Mozilla Firefox 5.0 Emphasizes Do Not Track, Performance Tweaks

Mozilla's Firefox 5.0 and Firefox for Android emphasize Do Not Track and performance tweaks. But coming so soon after Firefox 4, will users be willing to upgrade?

Mozilla's new Firefox 5.0 for PCs and Firefox for Android hinge much of their appeal on a simple concept: That users will want to troll the Web in relative privacy.

"Firefox for Android includes the Do Not Track privacy feature in this release, making Firefox the first browser to support Do Not Track on multiple platforms," claimed a June 21 posting on Mozilla's Website. "Mozilla created Do Not Track to give users more control over the way their browsing behavior is tracked and used on the Web."

That's not the full extent of new features in Mozilla's latest browser, which supposedly includes more than 1,000 improvements and performance enhancements (including add-ons to adjust Firefox's look and functionality), but it could help attract users increasingly leery of the Web's rampant data-mining.

Despite those tweaks, Firefox 5 doesn't seem to offer a radically different experience from its predecessor, at least after a few hours' worth of testing. The browser supposedly patches a variety of security concerns from Firefox 4, whose life essentially ends with this latest release. Consumers and freelancers likely won't pay the transition much mind-it takes only a few minutes to download and install Firefox 5, with your history and bookmarks preserved in the process-but larger companies still deploying Firefox 4 could become annoyed at having to switch so soon.

Indeed, Firefox 4 had presented a variety of reasons for consumers and companies to make the upgrade. In addition to Do Not Track, the browser (Mozilla's first full-point release in nearly three years) offered a newly integrated Firefox Sync for synchronization of user data and passwords between Firefox and Firefox Mobile, and a speedier JavaScript engine, JagerMonkey. In eWeek's testing, Firefox 4.0 proved between four and eight times faster than Firefox 3.6.15, depending on the JavaScript benchmarks used.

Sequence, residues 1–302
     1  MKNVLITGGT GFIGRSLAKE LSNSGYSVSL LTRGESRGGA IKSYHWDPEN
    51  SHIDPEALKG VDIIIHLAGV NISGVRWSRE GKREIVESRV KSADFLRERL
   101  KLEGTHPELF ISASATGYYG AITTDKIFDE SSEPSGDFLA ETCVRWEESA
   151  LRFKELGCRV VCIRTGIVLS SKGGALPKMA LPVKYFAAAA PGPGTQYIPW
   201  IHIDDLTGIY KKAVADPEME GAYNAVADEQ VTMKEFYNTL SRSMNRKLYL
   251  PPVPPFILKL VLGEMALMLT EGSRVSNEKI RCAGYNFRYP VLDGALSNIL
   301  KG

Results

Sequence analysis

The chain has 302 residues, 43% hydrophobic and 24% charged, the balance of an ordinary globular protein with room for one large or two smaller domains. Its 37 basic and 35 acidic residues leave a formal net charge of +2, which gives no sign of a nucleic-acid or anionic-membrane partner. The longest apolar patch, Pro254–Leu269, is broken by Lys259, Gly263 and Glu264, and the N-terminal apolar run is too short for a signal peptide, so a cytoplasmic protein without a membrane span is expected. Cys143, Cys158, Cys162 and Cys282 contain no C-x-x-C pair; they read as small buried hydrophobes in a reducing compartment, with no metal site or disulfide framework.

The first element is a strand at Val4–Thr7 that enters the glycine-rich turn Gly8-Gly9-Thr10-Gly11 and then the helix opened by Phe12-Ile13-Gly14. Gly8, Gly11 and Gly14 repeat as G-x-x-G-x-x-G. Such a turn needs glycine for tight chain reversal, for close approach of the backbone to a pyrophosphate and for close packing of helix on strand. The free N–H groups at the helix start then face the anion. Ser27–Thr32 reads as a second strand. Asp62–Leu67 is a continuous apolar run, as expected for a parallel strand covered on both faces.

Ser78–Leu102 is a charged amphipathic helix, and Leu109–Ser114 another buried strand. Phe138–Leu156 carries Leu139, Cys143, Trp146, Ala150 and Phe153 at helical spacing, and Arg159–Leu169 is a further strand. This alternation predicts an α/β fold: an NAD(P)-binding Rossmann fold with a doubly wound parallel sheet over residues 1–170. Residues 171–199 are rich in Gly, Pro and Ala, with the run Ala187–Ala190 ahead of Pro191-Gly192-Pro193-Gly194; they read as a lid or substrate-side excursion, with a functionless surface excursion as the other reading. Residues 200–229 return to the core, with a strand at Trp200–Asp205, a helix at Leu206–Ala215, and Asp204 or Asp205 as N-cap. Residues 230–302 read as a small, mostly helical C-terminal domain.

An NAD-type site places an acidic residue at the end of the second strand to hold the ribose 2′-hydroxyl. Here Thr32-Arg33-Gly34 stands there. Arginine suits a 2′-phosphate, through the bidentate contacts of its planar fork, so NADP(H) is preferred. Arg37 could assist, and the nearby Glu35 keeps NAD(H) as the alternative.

Firefox 4 also boasted a streamlined design that placed Web content front-and-center, shrinking icons and eliminating the "status" bar that ran on the bottom of previous Firefox versions. Those elements have been preserved in Firefox 5.

But with Mozilla facing determined competitors on two fronts-Microsoft's Internet Explorer continues to hold a healthy percentage of the browser market, while upstarts like Google Chrome and Safari have been making inroads-it seemed inevitable that the cadence of Firefox releases would speed up.

Net Applications currently estimates Firefox's overall share of the browser market at 21.71 percent, trailing the Internet Explorer franchise at 54.27 percent but ahead of Chrome at 12.52 percent and Safari at 7.28 percent. Moreover, Firefox's share has declined slightly from a high of 22.97 percent in September 2010, even as its smaller rivals enjoyed gains.

"Following the amazing release of Firefox 4, Mozilla Firefox is moving to a rapid release development cycle to deliver new features, performance enhancements, security updates and stability improvements to users faster," read an April posting on Mozilla's blog. "We are making a change to deliver new releases of Firefox faster and give users more opportunities to participate in building Firefox."

The release of Firefox 5.0 and Firefox for Android seem the fruits of that strategy. But will users be willing to follow Mozilla's newfound, speedier cadence?

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